What’s the Best State to Form Your Company?

There’s a ton of confusing information out there on what is the best state to form your LLC in, and if you’ve gotten here you’ve probably done some research on your own and encountered a sea of information. Delaware, Wyoming, New York, Florida – the options seem endless, and it’s easy to feel overwhelmed.

In this article, we’ll cover:

  • what the best state is if you are a US resident vs. a non-resident;

  • the pros and cons of choosing different states;

  • give you a recommendation on what the best choice is.

For Non-US Residents: Delaware vs. Wyoming

For those residing outside the United States, the good news is that you have the flexibility to form an LLC in any of the 50 states. However, when it comes to making the best choice, Delaware and Wyoming are the most popular choices.

Choosing between Delaware and Wyoming depends on a few things, such as the cost and the level of anonymity they offer. Anonymity is particularly crucial, as certain states make your personal information a part of the public record upon LLC formation.

Both Delaware and Wyoming offer anonymous LLC filings, allowing you to protect your personal information by using the registered agent’s details on the state listing.


Delaware has lots of prestige, housing the majority of Fortune 500 companies in the US and being the home to the most LLCs in the US. However, it comes with an annual franchise fee of $300.


On the other hand, Wyoming, often termed the “Swiss Alps of the Rockies,” pioneered the first LLC and offers a proactive legislative environment. This makes it particularly attractive for e-commerce and online businesses. Moreover, Wyoming’s annual fee to the state is a budget-friendly $62.

The bottom line: optimize costs vs. prestige

In short, when you’re starting a business, every dollar matters, so if you’re truly looking to optimize costs you can’t go wrong with Wyoming as a non-US resident. However, if prestige does matter and saying you have a Delaware LLC can make a difference in your business, then you can form an LLC in Delaware.

For US Residents: Should You Form an LLC in Your Home State?

Contrary to the choices available to non-US residents, US residents are advised to form their LLC in the state where they physically reside. The reason behind this is straightforward – your home state is, by default, the state where you conduct business.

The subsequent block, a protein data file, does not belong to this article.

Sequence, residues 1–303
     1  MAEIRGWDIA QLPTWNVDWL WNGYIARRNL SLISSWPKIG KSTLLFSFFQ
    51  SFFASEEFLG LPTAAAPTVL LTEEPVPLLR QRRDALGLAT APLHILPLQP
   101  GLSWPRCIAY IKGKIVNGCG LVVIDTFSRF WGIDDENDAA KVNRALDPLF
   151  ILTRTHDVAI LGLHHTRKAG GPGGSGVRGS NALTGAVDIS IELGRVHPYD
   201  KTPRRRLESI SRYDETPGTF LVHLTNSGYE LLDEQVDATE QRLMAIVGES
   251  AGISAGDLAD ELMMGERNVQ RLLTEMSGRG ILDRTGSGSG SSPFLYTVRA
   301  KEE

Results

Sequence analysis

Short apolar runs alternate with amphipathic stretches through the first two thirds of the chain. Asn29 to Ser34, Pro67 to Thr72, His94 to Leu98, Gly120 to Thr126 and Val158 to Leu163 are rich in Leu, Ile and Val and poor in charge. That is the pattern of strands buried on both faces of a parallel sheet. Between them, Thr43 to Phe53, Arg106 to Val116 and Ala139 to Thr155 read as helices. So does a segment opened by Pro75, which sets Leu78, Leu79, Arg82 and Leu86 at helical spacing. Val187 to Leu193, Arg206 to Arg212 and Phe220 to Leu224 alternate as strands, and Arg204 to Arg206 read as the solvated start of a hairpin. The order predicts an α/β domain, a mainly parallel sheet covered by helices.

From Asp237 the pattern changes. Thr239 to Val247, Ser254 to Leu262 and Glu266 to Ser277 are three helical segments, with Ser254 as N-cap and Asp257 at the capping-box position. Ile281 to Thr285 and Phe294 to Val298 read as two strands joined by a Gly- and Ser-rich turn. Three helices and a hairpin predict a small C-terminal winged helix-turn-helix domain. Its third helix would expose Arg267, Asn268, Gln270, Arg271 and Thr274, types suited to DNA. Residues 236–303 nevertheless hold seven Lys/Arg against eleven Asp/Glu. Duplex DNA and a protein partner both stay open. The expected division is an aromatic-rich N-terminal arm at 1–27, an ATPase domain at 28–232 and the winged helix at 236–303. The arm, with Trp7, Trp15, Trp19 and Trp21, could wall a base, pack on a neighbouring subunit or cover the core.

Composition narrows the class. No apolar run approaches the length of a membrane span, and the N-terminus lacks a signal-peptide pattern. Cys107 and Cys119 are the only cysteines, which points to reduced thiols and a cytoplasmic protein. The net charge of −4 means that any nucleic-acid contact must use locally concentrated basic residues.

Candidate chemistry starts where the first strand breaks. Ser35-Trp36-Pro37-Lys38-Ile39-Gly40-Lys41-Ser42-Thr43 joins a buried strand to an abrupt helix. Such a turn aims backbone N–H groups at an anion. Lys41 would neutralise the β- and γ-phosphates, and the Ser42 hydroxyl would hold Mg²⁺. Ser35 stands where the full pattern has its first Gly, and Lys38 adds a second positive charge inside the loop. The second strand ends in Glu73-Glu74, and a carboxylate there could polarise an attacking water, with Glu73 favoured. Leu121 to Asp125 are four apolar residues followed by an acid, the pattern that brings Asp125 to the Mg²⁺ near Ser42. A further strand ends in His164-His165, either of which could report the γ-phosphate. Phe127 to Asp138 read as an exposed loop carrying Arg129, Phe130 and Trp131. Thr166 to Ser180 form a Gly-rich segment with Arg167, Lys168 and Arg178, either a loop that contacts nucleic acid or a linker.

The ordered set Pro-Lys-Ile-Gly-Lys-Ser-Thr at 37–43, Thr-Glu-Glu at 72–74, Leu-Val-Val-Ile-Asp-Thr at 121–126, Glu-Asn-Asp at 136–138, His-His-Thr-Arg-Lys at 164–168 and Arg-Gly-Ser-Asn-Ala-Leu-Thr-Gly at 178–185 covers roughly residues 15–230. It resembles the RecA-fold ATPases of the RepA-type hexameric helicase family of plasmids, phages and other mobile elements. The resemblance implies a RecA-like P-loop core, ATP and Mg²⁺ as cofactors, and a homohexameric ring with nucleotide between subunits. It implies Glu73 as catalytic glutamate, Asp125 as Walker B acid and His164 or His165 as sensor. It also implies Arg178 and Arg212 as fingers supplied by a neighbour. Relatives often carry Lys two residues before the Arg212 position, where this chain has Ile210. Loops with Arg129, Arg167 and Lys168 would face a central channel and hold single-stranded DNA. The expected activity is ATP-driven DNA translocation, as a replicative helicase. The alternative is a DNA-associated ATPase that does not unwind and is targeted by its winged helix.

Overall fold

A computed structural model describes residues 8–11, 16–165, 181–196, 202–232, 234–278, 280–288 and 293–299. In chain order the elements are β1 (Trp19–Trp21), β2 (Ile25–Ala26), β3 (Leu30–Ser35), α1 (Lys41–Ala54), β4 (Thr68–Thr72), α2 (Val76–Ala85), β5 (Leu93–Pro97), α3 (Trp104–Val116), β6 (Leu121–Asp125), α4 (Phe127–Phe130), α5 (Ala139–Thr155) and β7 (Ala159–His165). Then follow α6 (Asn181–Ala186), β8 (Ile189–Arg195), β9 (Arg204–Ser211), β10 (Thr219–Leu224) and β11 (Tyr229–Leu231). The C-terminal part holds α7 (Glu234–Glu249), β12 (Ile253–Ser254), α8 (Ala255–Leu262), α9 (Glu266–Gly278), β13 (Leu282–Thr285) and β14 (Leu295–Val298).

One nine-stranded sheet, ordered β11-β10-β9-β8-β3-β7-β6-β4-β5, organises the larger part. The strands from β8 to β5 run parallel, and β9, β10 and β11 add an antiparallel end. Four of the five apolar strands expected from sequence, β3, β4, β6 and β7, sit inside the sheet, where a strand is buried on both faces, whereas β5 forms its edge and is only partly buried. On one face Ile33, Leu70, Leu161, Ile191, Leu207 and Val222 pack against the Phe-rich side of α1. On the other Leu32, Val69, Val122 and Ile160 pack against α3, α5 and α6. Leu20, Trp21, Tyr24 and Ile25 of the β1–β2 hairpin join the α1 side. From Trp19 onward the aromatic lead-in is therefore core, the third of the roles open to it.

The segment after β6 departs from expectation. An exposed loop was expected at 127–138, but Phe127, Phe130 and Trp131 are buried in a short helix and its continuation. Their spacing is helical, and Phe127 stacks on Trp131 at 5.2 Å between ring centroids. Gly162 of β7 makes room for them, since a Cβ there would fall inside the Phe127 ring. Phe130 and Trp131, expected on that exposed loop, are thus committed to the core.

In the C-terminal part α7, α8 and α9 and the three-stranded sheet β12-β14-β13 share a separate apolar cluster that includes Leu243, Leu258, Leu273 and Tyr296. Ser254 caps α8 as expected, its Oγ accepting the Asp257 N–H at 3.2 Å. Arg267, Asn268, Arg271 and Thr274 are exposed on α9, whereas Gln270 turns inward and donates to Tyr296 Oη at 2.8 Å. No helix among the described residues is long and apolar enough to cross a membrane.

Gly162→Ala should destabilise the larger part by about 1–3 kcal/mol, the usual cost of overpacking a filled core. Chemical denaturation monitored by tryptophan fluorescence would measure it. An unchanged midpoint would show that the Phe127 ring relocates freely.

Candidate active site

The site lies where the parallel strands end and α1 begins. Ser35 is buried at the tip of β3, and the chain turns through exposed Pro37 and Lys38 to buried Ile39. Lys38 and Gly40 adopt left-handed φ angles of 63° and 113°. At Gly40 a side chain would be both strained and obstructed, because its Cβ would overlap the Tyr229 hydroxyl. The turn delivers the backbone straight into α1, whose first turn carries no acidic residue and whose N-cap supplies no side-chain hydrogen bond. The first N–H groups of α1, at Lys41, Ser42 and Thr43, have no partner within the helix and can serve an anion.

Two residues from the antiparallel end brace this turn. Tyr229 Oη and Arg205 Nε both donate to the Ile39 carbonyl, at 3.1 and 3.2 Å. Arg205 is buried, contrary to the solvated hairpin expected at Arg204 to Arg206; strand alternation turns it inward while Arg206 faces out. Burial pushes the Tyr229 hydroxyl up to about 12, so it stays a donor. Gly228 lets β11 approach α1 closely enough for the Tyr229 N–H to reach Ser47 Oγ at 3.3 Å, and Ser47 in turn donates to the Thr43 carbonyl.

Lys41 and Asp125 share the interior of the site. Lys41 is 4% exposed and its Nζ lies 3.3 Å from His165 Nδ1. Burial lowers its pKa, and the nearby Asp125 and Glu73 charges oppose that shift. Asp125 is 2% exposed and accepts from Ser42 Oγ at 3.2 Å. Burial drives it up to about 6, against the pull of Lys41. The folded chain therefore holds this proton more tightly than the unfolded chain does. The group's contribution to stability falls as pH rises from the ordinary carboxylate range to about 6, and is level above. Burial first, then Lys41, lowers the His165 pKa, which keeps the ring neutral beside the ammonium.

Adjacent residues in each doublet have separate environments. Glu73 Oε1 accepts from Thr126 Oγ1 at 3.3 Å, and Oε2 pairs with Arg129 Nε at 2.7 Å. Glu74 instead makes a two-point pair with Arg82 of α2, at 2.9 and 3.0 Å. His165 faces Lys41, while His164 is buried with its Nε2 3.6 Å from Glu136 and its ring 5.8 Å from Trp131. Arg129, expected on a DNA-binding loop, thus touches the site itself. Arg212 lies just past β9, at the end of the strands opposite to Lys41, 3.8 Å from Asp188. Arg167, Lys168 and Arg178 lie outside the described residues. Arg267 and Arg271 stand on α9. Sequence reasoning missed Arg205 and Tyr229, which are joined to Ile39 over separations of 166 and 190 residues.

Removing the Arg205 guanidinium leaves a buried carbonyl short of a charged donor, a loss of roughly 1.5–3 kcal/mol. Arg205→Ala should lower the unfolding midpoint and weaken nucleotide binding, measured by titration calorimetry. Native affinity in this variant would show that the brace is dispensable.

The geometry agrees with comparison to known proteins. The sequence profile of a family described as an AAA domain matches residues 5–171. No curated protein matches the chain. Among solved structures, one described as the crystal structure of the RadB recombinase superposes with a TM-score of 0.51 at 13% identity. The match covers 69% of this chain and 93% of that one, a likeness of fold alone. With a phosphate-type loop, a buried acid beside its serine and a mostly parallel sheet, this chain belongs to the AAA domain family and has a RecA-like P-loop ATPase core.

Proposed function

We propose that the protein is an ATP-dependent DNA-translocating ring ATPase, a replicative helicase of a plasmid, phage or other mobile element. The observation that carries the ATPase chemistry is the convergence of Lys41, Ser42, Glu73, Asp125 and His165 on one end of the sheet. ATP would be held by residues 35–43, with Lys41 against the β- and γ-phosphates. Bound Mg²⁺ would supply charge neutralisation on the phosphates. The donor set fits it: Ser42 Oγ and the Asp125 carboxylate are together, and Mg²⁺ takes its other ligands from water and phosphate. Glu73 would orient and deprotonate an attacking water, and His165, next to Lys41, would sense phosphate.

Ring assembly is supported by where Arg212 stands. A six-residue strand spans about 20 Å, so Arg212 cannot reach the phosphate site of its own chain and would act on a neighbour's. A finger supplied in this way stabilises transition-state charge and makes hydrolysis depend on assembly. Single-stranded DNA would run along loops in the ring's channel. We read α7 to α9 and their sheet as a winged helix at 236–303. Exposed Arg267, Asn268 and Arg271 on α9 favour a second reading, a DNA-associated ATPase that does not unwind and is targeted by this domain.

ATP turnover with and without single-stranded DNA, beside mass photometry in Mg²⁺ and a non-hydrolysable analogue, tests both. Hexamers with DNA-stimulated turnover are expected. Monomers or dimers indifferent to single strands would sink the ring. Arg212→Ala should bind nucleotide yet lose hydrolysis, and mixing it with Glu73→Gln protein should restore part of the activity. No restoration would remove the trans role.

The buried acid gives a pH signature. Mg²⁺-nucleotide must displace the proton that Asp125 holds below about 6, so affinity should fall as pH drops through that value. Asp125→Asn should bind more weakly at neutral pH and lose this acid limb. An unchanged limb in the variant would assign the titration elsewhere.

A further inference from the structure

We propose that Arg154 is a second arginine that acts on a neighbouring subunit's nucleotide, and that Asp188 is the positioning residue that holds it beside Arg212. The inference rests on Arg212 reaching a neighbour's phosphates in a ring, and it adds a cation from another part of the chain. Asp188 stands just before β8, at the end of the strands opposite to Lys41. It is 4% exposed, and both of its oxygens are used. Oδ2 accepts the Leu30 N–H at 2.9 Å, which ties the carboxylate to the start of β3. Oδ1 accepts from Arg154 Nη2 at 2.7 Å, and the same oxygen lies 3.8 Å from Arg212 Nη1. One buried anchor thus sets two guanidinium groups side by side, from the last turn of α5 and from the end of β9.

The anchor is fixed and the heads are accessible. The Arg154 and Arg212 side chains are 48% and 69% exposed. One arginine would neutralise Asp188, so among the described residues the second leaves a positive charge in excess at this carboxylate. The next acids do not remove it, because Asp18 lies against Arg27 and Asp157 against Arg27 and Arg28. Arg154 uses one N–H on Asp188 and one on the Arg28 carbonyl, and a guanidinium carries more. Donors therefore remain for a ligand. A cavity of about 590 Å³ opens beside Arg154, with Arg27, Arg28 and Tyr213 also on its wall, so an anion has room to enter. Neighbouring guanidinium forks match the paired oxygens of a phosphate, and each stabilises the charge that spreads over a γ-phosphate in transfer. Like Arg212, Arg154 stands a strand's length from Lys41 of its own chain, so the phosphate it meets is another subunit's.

Two states = double the tax

Opting to form an LLC in a state other than your residence can lead to a financial disadvantage. For instance, if you reside in New York City but decide to form an LLC in Delaware, you end up paying fees in both states – the annual Delaware franchise tax and the state fee in New York.

If your business operations extend beyond your home state, you can file for what’s called a “foreign qualification,” which effectively allows your LLC to do business in that state.


In summary, for non-US residents, Delaware and Wyoming are top picks, with Wyoming being more cost-effective.

US residents, however, are encouraged to form their LLC in their home state to avoid unnecessary fees, and they can also file for a foreign qualification to be compliant to do business in other states.

Whether you’re filing in Wyoming, Delaware, or any other state, always check for the option of anonymous filings to protect your privacy.

Ultimately, the decision depends on your specific business needs and circumstances. After all, when starting a business, every dollar matters, and making informed choices can set you on the path to success.

Get Started With doola

Your success is doola’s success, and we’re here to support you every step of the way.

If you have any lingering questions or need more guidance, feel free to reach out – we’re committed to helping you form your company and stay compliant in the easiest way possible, so you can focus on building your business.

Thank you for joining us on this exciting mission to empower founders worldwide. Let’s turn dreams into successful businesses together!

Suhailul Aslam
Suhailul Aslam
doola's website is for general information purposes only and doesn't provide official law or tax advice. For tax or legal advice we are happy to connect you to a professional in our network! Please see our terms and privacy policy. Thank you and please don't hesitate to reach out with any questions.

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